With the release of Android 4.0 "Ice Cream Sandwich" Google finally gave a consistent look and feel to its mobile operating system. But now it's up to the army of coders jumping into app development to release well designed programs that are in harmony with the rest of the Android ecosystem. To that end, Google on Thursday unveiled Android Design, a guide detailing the principles and patterns for creating world-class Android user interfaces.

The guide offers suggestions on everything from how to implement different visual elements and when to display notifications, to how to utilize certain gestures so that applications behave in a predictable, consistent fashion.

The Android platform has long been criticized for having apps that are significantly clunkier and less visually appealing than their counterparts on Apple's iOS. Basically, the Android Design portal guide will help both first-time developers and Android veterans make apps that look and feel just as good as the stock system itself.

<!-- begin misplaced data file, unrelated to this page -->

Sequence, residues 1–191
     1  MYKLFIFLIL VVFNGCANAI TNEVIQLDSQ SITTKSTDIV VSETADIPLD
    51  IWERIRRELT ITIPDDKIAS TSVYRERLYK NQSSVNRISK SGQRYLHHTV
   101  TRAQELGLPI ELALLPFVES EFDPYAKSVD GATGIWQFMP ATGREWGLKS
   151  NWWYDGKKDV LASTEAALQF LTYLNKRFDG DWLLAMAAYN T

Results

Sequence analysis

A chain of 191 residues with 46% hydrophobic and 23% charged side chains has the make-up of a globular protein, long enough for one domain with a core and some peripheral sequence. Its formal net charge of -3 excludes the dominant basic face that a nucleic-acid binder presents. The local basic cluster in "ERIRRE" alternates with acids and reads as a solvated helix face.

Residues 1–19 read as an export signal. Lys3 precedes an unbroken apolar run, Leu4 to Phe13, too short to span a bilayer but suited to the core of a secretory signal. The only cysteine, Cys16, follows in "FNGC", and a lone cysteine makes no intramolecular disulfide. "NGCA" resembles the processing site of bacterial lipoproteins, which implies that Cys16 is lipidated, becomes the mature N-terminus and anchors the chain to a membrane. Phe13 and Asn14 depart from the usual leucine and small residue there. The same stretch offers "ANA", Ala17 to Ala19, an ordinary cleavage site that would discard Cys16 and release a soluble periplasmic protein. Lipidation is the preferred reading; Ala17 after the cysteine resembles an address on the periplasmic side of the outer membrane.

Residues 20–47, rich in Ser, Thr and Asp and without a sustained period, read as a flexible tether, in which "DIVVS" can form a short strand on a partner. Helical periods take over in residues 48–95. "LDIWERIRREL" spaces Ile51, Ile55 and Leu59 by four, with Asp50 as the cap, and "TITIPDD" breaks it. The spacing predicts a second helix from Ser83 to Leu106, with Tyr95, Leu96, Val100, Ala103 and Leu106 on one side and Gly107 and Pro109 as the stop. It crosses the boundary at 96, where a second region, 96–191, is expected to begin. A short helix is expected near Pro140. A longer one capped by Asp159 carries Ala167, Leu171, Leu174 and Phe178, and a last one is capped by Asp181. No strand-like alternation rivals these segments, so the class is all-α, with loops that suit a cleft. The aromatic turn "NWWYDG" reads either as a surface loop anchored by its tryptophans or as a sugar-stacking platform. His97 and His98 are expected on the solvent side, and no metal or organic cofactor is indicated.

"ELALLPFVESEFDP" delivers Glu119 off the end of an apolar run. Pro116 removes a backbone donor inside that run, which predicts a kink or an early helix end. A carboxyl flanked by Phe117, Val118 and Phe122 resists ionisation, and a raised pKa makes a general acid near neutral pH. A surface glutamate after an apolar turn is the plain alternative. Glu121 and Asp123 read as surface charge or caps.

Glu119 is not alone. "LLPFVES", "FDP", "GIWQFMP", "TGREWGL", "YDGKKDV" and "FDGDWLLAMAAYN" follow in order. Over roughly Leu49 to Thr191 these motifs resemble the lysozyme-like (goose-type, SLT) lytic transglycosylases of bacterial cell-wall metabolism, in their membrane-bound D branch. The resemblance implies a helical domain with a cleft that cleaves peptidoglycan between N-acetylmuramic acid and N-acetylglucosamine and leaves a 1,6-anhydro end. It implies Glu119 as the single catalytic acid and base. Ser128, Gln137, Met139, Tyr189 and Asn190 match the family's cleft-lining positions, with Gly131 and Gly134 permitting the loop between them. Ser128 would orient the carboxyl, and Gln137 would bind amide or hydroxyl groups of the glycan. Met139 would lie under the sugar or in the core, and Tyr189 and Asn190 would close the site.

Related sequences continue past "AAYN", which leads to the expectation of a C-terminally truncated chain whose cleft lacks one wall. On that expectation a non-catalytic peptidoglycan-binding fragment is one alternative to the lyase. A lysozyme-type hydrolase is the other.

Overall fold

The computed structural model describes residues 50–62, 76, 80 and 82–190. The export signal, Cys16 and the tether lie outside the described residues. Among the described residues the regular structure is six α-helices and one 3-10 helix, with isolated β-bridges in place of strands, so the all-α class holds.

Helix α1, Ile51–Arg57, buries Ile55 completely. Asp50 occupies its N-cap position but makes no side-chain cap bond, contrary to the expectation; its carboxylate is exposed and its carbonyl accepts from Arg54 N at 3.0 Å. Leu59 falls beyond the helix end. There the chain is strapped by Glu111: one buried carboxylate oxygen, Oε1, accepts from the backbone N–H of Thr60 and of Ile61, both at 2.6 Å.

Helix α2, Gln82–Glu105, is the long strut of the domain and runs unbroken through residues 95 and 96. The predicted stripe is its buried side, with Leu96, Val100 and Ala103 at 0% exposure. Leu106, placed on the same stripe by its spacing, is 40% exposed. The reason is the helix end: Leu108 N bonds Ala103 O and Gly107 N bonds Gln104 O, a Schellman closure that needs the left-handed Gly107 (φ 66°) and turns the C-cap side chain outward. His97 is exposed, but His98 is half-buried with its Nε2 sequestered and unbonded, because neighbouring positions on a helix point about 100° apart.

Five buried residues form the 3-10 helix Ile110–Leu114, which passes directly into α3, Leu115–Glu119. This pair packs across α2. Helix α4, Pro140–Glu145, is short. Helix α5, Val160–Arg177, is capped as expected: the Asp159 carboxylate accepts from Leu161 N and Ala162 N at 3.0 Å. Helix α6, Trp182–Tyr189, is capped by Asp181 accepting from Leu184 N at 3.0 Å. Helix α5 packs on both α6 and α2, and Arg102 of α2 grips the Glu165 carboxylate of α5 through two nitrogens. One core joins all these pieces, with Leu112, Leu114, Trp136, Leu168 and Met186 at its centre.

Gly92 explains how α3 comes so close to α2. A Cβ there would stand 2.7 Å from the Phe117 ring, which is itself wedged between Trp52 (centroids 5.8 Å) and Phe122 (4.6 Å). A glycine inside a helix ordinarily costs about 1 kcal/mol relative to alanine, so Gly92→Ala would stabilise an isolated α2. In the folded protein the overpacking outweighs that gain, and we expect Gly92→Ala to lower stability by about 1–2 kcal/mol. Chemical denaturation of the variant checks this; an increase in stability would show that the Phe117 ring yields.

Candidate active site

Google will apparently maintain its relaxed stance on the app submission process and won't reject apps from the Android Market just because they're ugly. But the company is trying to convince developers that good design will pay off.  Christian Robertson, who leads the Android visual design group, said in a recent blog post, "The Android User Experience Team is committed to helping you design amazing apps that people love, and this is just the beginning. In the coming months, we'll expand Android Design with more in-depth content."

Meanwhile, Matias Duarte, the man who oversaw the interface design of webOS and now acts as director of Android user experience at Google, called this the second part of Ice Cream Sandwich's launch and said he finally feels like ICS is complete. Of course, now they have to make sure as many devices as possible get the update to avoid fragmentation, and hope that developers align with Google's design vision.